Water fluoridation has been hailed as one of the most notable public health advancements in the 21st century. However, there was a time where the water from your tap did not yet contain this naturally occurring mineral. So what is fluoride and why is it being added to the water which you are drinking?
Fluoride is a naturally occurring mineral which is originally found in soil. Back in the 1940s, experts found out that populations who drank water which contained certain levels of fluoride actually had fewer cavities compared to individuals who drank water which was devoid of any levels of fluoride. Currently, it is known that fluoride has the capacity to regenerate enamel crystals in order to strengthen this external layer of the teeth. At the same time, fluoride is also a component in bones.
Because of the observation mentioned above, public health specialists decided to make an experiment which involves the addition of fluoride in water. The first time that the public water system was fluoridated was back in 1945 at Grand Rapids, Michigan. The fluoride level of the water in Grand Rapids during that year was adjusted to 1.0 ppm, and it was this city which became the first in the entire country to practice water fluoridation. Currently, almost 72 percent of the entire country receives water which is fluoridated.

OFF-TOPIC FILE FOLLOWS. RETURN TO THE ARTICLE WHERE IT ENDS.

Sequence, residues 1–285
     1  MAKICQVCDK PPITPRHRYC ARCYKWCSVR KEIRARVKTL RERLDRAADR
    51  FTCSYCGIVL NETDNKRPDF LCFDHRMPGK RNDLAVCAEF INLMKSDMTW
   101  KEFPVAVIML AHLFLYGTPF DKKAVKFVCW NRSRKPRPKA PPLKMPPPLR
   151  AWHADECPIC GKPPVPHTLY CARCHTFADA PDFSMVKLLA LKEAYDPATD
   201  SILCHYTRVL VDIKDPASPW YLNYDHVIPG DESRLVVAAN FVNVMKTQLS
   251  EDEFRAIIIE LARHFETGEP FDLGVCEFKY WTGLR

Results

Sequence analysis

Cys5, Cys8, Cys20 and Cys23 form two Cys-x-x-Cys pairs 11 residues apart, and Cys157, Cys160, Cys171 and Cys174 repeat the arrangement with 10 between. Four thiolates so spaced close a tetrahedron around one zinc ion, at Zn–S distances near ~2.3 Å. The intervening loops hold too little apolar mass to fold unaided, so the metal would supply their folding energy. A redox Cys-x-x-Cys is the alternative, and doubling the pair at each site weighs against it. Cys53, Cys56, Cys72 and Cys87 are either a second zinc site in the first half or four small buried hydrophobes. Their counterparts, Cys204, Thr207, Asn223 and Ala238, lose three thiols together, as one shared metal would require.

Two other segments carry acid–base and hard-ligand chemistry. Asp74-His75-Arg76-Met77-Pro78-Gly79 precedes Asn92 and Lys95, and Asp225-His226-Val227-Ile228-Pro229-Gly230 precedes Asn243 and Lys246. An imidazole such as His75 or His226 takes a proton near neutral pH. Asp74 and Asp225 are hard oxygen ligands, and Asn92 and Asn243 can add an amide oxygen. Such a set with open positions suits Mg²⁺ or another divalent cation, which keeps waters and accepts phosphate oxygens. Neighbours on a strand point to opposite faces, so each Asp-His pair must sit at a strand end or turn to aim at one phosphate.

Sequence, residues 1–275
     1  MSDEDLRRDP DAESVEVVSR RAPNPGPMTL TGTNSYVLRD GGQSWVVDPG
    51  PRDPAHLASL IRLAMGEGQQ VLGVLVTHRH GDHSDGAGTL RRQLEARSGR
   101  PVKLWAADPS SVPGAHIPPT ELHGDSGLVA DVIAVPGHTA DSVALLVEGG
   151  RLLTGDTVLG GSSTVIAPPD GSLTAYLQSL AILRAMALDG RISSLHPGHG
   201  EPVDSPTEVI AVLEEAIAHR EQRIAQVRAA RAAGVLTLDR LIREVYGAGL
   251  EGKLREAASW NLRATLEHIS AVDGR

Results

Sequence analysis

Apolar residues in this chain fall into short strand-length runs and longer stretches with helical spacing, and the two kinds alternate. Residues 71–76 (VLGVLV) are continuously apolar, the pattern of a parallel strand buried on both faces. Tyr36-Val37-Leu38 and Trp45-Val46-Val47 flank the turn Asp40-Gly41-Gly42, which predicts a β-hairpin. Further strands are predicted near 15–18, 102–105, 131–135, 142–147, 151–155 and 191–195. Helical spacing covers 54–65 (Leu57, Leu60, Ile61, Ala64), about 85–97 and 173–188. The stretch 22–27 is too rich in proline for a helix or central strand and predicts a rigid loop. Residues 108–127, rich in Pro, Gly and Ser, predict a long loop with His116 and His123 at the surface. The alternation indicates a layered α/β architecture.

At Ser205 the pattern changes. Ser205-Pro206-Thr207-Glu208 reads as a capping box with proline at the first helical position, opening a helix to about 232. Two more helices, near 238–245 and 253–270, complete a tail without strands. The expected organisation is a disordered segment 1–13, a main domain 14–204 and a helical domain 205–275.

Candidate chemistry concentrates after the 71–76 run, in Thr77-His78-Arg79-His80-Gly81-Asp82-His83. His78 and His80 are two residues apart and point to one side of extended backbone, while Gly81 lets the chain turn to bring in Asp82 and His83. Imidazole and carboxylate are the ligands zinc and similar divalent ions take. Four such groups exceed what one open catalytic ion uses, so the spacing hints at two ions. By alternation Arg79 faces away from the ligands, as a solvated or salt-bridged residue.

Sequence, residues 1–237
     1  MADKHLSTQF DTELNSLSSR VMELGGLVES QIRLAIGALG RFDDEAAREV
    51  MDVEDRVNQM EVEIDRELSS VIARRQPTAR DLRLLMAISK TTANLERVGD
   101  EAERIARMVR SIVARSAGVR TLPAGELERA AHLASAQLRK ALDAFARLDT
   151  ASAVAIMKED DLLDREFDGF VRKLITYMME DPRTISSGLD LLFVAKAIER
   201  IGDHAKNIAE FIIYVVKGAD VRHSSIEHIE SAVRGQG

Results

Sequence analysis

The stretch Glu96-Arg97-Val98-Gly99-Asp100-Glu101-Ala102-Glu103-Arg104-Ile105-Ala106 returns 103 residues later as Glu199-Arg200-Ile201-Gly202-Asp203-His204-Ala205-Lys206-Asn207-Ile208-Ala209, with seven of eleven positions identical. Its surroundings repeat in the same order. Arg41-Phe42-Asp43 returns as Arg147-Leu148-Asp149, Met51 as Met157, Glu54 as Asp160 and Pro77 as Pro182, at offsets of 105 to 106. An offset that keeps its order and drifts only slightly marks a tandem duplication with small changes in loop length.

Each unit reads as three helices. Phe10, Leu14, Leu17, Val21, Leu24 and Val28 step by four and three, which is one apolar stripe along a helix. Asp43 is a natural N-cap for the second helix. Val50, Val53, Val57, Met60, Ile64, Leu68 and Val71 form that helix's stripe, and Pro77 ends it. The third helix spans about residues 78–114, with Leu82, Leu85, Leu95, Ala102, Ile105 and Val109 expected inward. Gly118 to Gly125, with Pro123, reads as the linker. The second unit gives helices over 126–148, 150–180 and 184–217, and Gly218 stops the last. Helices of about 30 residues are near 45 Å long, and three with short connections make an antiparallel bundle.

As mentioned above, fluoride can strengthen the enamel layer of the teeth. Since the enamel is the external layer of teeth and is considered the first line of defense against bacterial infections, a thicker enamel layer means that you are more capable of resisting cavity formation and dental caries.
Individuals who aren’t receiving enough amounts of fluoride can ask their dentist for a fluoride rinse which essentially allows the patient to gargle a solution which contains high amounts of fluoride.
Fluoride can actually be a problem for children who have yet to have their permanent teeth come in. Excessive fluoride protection can lead to a condition called dental fluorosis. The main sign of dental fluorosis involves cosmetic problems to the surface of the teeth. If you want to keep your child from experiencing gum diseases, you should wait until your child is 2 years old before you can use toothpaste and always use just a smear if you are an adult with a child with you.